Birth Control Pill Puts Women at High Risk for Heart Disease, Even After They Stop Using It

The birth control pill puts women at a higher risk of heart disease, even after use of oral contraceptives has been discontinued, says a surprising new Belgian study. While birth control pills have long been linked to <"">drug side-effects like blood clots, this latest research suggests that they also make it more likely that a woman will develop artery-clogging plaque in vital blood vessels.

This latest birth control pill study was conducted by researchers at Ghent University in Belgium. It followed 1300 ex-pill users between the ages of 35 and 55, about half of whom had used oral contraceptives for more than 13 years. Women who used the pill had an increase in the amount of plaque buildup in the blood vessels supplying the legs and brain. The study found that for every 10 years that a woman used birth control pills, the amount of plaque in these vessels increased by as much as 30 percent. What’s more, the risk of developing plaque stayed high even after a woman was off birth control pills for several years.

These latest findings are only going to heighten the controversy over the health effects of birth control pills. While oral contraceptives have been known to increase the risk of high blood pressure and blood clots, these risks disappear once a woman stops taking the pill. That does not appear to be the case with this newly discovered side-effect, and such a plaque buildup would put birth control pill users at a higher risk of heart attacks and strokes. Two earlier studies had linked an older version of the pill to an 80 to 200 percent risk of heart attacks in women who were currently using it.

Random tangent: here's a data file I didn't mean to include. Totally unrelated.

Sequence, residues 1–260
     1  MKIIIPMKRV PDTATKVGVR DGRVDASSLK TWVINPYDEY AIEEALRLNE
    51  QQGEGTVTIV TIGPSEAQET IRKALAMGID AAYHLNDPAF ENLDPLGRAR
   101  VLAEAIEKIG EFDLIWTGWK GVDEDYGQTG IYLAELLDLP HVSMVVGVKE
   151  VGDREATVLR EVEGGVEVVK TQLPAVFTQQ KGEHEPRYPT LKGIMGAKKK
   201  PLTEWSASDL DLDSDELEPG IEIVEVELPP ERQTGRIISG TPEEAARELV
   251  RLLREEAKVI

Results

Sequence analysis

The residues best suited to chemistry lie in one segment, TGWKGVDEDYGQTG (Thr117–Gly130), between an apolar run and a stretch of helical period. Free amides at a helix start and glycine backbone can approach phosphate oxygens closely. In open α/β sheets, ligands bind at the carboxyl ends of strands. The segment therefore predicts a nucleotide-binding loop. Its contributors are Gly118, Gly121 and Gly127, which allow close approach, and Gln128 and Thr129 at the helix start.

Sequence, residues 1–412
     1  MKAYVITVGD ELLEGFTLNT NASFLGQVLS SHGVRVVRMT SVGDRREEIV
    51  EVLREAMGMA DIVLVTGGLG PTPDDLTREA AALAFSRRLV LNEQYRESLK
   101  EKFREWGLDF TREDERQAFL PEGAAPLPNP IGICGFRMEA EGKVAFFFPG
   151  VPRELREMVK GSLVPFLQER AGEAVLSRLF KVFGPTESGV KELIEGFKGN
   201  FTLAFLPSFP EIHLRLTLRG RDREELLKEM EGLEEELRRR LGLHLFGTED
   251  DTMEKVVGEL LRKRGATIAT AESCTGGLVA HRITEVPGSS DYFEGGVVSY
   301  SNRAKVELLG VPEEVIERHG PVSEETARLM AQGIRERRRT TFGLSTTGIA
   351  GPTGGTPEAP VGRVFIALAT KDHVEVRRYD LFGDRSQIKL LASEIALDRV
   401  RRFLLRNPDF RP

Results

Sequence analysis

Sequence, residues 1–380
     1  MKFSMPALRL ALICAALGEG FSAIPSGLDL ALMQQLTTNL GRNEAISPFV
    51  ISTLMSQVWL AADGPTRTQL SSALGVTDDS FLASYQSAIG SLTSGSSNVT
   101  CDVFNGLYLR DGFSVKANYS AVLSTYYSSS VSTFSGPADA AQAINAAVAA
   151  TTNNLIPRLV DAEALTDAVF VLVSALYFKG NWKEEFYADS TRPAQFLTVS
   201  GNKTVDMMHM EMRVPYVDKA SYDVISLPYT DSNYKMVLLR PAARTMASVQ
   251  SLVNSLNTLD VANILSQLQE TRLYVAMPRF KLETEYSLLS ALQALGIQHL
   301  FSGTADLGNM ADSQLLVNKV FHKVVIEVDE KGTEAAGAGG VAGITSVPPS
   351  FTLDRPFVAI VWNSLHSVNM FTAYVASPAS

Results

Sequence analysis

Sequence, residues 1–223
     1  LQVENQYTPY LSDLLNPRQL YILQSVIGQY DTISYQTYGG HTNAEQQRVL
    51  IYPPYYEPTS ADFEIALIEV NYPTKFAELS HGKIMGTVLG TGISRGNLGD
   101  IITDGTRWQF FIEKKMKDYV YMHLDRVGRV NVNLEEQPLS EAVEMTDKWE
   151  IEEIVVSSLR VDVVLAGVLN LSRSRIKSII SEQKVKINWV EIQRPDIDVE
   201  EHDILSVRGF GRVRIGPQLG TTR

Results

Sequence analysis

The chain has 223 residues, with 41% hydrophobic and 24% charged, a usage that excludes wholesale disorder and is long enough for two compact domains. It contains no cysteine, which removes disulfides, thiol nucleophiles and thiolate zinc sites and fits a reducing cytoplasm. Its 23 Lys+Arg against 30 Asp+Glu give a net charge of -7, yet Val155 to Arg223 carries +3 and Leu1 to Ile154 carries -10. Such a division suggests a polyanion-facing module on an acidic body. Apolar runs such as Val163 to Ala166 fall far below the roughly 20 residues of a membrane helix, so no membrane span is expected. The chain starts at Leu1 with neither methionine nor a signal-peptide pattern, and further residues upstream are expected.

These finding could have huge implications for women in the United States, where about 11.7 million women use oral contraceptives. But the Belgian researchers conceded that this study was too small to conclude that women should stop taking birth control pills, or that their use should even be limited. Furthermore, because birth control pills are being made with lower levels of hormones today, the scientist could not say what the implications were for women using newer versions of the pill. For that reason, they are urging more research be done on this side effect.

However, in light of these findings, some women and their physicians might want to reassess their use of the pill if they have other risk factors for heart disease. The author of the Belgian study also said that all birth control users should do what they can to limit or lower their overall risk of heart disease. They suggested that women avoid obesity, stop smoking and get regular exercise as a way to combat heart disease, whether they use the pill or not.

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